Colloid Chemistry - Prof. Koetz

Nanoparticle formation in polyelectrolyte-modified microemulsions

Microemulsions are thermodynamically stable oil/water/surfactant mixtures, with extremely small droplet size (droplet diameter smaller than 20 nm). In the case of a water-in-oil microemulsion, the tiny water droplets are surrounded by a "surfactant skin" with the hydrophilic head groups protruding into the water phase and the hydrophobic "tails" reaching the oil phase. These tiny water droplets can now be used as nanoreactors, by carrying out specific reactions in the droplets. For example, if two microemulsions with different reaction partners are mixed, then nanostructured reaction products are formed. A classical example is the reaction of BaCl2 and Na2SO4 to insoluble BaSO4. The problem with this method, however, is the insufficient stability of the surfactant skin so that the growth of the particles often goes beyond the droplet size and results in different sized particles.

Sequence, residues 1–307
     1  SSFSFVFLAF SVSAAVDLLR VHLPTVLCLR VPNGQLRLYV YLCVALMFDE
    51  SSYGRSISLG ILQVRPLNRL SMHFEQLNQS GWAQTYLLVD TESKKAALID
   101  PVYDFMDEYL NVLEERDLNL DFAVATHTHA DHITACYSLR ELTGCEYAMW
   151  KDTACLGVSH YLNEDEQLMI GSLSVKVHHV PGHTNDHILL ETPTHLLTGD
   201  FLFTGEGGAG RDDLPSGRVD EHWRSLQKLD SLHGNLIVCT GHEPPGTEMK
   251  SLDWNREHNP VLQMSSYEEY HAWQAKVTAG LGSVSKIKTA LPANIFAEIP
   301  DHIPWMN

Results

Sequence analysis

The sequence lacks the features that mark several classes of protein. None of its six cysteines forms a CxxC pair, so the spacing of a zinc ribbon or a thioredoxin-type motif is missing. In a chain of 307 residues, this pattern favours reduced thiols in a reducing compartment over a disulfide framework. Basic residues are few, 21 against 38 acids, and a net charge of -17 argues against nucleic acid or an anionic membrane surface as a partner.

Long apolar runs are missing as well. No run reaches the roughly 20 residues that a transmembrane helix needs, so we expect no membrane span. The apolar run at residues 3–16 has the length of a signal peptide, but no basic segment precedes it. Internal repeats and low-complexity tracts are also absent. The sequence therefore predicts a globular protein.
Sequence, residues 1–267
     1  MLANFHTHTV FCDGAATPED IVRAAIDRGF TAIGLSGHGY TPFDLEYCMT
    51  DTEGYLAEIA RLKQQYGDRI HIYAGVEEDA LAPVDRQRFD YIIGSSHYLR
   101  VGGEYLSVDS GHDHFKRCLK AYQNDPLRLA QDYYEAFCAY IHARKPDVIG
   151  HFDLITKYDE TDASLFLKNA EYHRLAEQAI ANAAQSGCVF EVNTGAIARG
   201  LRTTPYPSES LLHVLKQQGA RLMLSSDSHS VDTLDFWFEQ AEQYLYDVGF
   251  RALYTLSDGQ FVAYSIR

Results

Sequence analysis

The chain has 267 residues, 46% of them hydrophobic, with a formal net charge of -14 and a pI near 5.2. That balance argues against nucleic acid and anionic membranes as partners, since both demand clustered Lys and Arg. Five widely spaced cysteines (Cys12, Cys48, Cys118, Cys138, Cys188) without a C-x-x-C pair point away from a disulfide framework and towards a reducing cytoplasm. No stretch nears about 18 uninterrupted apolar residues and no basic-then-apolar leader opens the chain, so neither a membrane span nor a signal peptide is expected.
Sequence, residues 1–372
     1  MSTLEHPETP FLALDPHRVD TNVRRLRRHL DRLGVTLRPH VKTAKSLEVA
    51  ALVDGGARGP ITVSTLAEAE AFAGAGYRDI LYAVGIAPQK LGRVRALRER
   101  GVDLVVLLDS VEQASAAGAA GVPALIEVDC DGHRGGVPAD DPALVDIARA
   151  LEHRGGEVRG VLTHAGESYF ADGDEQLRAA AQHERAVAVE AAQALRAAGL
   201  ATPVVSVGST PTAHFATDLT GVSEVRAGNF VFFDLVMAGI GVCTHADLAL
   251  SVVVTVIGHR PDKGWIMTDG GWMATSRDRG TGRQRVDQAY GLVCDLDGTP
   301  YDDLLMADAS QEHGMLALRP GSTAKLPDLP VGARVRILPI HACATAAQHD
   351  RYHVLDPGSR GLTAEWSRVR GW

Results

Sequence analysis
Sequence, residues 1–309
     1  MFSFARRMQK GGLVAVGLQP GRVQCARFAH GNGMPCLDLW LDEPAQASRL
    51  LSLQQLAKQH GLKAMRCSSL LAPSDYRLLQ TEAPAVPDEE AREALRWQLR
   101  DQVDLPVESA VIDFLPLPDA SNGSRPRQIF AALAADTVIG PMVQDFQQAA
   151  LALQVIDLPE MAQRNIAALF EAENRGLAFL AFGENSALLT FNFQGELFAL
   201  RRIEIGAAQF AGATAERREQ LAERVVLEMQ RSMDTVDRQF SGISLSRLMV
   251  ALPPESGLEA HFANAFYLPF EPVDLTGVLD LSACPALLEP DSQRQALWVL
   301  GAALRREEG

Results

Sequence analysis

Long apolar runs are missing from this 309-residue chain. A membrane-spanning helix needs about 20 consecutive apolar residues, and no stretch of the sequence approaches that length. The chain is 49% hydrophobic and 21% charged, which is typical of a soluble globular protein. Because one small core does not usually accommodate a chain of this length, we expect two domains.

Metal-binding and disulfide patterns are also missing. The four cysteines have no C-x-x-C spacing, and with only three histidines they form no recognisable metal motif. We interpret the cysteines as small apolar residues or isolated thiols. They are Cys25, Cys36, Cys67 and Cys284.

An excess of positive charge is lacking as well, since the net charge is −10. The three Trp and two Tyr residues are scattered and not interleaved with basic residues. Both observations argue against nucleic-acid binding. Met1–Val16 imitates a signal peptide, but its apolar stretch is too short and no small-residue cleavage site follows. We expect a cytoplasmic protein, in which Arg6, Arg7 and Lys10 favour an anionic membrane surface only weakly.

Based on this knowledge, we first attempted to introduce polyelectrolytes into the microemulsion, in order to increase the stability of the surfactant skin and to regulate the particle growth process. The conformation as well as the local position of the polymer in the microemulsion droplet can be specifically influenced by electrostatic interactions between the surfactant and the polyelectrolyte, as demonstrated by MD simulations.

If such microemulsions are used as a template phase, nanoparticles with extremely small particle dimensions can be produced.

Figure 4: HRTEM image of spherical gold nanoparticles.